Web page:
When Galileo demolished geocentrism, he also tore down several other cherished (but wrong) Aristotelian views. Aristotle explained motion by asserting that all matter had a proper place to which it tried to return, and that heavier objects should fall faster than lighter ones. But through meticulous experimentation, Galileo showed that objects falling or rolling downhill accelerate at the same constant rate, which we call acceleration due to gravity [sources: Alioto; Dristle].
Aristotle had also argued that a moving object in its natural place, such as a ball rolling along the ground, would gradually stop because it was its nature to stay there. But as Galileo realized, and as Newton later formalized, the apparent slowing of moving objects was caused by friction; take that away, and a ball would roll on forever [sources: Alioto; Dristle; Cardall and Daunt; Galileo].
Along similar lines, the Aristotelian-Ptolemaic view of physics implied that a piece of shot dropped from a ship's crow's nest would land some distance behind the mast because the ship moved forward while the ball fell. But Galileo showed that the cannonball, which shares the ship's forward velocity, would actually fall straight to the base of the mast. In these ways, Galileo, one of the fathers of experimental science, prefigured Newton's laws of motion, as well as the concept of reference frames while also disproving some of the chief arguments against Earth's movement [sources: Cardall and Daunt; Galileo].
No survey of the crazy things we believed before the scientific method would be complete without some mention of the weird and horrifying practices we once considered medicinal.
Remember all that business about humors (blood, phlegm, black bile and choler, aka yellow bile)? Well, imagine what kind of medical treatments might arise from such a bodily fluid-focused approach, and you have a sense of what humoral medicine was like: diagnoses based solely on the smell of feces, urine, blood or vomit; physicians who prescribe forced vomiting, frequent bloodletting and iffy enemas to balance the body out. What it lacked in effectiveness it made up for in sheer life-threatening danger. Not surprisingly, people stuck to prayer and folk remedies whenever possible [sources: Batchelor; Getz].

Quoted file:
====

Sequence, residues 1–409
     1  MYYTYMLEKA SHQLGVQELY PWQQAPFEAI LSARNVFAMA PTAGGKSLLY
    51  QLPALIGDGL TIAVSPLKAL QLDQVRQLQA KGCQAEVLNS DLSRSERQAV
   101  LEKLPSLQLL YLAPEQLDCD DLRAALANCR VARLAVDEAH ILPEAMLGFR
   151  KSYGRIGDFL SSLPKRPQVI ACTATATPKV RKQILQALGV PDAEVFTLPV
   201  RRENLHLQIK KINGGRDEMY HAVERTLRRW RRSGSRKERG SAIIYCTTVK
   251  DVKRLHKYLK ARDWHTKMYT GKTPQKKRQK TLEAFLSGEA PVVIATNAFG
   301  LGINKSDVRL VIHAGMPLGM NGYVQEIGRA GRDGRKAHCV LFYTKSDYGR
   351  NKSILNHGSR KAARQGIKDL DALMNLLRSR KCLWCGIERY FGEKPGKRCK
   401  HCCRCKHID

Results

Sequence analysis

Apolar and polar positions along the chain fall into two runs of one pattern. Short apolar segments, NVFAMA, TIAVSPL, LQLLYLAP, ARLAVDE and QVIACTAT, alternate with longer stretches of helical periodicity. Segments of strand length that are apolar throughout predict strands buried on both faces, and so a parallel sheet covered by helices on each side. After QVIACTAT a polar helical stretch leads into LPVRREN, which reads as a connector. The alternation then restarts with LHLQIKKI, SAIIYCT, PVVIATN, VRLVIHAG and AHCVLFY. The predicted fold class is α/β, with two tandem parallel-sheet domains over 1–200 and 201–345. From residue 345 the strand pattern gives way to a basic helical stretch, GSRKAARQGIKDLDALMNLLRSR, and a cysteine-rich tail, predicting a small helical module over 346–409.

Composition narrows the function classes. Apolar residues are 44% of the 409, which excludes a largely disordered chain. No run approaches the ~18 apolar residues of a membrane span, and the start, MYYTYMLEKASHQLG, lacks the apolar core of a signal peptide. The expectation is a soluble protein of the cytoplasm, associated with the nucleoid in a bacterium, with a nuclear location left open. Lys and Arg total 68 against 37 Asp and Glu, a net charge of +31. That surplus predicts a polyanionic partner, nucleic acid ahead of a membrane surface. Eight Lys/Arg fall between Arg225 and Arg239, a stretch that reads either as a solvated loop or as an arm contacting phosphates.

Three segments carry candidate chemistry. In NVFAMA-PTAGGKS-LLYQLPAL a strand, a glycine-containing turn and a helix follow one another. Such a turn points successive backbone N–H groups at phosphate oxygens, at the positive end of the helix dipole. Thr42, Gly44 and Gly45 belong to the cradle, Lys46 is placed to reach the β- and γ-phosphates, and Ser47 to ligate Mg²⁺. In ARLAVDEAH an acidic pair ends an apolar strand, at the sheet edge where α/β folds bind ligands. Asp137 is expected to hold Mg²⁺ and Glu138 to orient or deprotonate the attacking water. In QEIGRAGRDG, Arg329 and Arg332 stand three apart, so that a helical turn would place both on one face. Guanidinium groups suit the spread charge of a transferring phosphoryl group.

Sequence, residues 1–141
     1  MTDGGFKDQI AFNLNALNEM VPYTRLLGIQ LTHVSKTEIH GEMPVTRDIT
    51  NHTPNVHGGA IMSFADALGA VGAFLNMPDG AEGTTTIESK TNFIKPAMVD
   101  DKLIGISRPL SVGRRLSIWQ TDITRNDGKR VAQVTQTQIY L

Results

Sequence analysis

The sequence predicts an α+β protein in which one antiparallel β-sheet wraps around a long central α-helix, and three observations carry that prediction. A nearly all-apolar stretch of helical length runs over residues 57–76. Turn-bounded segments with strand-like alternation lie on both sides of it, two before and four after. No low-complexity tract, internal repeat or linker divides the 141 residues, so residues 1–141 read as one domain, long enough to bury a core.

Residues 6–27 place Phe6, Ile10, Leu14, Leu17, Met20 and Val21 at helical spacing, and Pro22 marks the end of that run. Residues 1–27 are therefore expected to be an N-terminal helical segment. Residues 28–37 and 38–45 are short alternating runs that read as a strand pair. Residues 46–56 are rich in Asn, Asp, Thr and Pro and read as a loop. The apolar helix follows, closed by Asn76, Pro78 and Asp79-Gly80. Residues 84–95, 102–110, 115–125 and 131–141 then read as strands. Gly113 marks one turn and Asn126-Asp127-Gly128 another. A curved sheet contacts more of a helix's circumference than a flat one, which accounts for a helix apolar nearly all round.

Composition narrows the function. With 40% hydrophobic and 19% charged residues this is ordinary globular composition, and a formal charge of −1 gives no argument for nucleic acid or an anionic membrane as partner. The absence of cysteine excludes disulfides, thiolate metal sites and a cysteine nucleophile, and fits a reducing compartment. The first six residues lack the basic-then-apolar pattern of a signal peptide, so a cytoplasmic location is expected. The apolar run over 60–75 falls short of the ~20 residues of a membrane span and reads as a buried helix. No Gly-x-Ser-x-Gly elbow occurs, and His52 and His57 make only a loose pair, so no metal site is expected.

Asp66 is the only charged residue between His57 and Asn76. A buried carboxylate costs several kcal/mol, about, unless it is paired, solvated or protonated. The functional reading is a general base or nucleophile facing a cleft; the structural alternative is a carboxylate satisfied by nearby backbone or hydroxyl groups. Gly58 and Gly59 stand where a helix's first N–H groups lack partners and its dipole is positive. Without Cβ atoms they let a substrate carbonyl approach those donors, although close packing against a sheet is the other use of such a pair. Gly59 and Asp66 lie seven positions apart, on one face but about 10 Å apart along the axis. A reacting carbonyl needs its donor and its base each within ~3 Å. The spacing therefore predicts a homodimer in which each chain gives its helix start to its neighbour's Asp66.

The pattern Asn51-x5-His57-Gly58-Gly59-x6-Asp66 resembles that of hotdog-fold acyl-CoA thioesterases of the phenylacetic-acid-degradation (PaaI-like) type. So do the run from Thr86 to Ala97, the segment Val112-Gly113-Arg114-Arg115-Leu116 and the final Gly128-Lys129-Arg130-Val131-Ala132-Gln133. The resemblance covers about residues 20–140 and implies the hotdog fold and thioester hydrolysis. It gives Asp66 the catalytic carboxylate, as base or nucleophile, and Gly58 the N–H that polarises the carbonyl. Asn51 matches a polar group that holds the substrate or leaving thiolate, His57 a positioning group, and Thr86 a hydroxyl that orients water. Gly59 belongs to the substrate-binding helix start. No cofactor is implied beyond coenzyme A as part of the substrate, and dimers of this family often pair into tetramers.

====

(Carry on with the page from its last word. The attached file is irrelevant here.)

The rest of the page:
As for bleeding hemorrhoids, some doctors viewed them as natural humor-balancers, useful for relieving mania, depression, pleurisy, leprosy and dropsy (edema). Of course, if bleeding got out of hand, it was time to break out the red-hot pokers. It's amazing what people will sit still for [sources: Encyclopaedia Britannica; Encyclopaedia Britannica; DeMaitre].
A startup is touting the anti-aging effects of transfusing teenagers' blood in older people. Stuff They Don't Want You To Know investigates.
Author's Note: 10 Things We Thought Were True Before the Scientific Method
All theories rest, to some degree, on assumptions. We try to minimize them, because they make up hidden cracks in science's foundations but, short of actual omniscience, they're pretty much unavoidable.
When a theory falls apart, it's often because an assumption was wrong. Science is always an educated best guess, after all -- it's just that, under modern scientific method, we subject those conjectures to rigorous tests through prediction, observation, repeatable experiments and peer review. Because of this, even when we're off the beam, we aren't far off and, in any case, it's only temporary. Einsteinian physics replaced Newtonian, but Newton's laws still work in every situation we typically encounter in our lives, so we still use them. If, someday, someone supersedes Einstein, it will only be in some limited sense (replacing an underlying assumption or mechanism, likely). Einstein's predictions simply work too well to be wholly wrong.
And in the end, that's the point. Science is what works.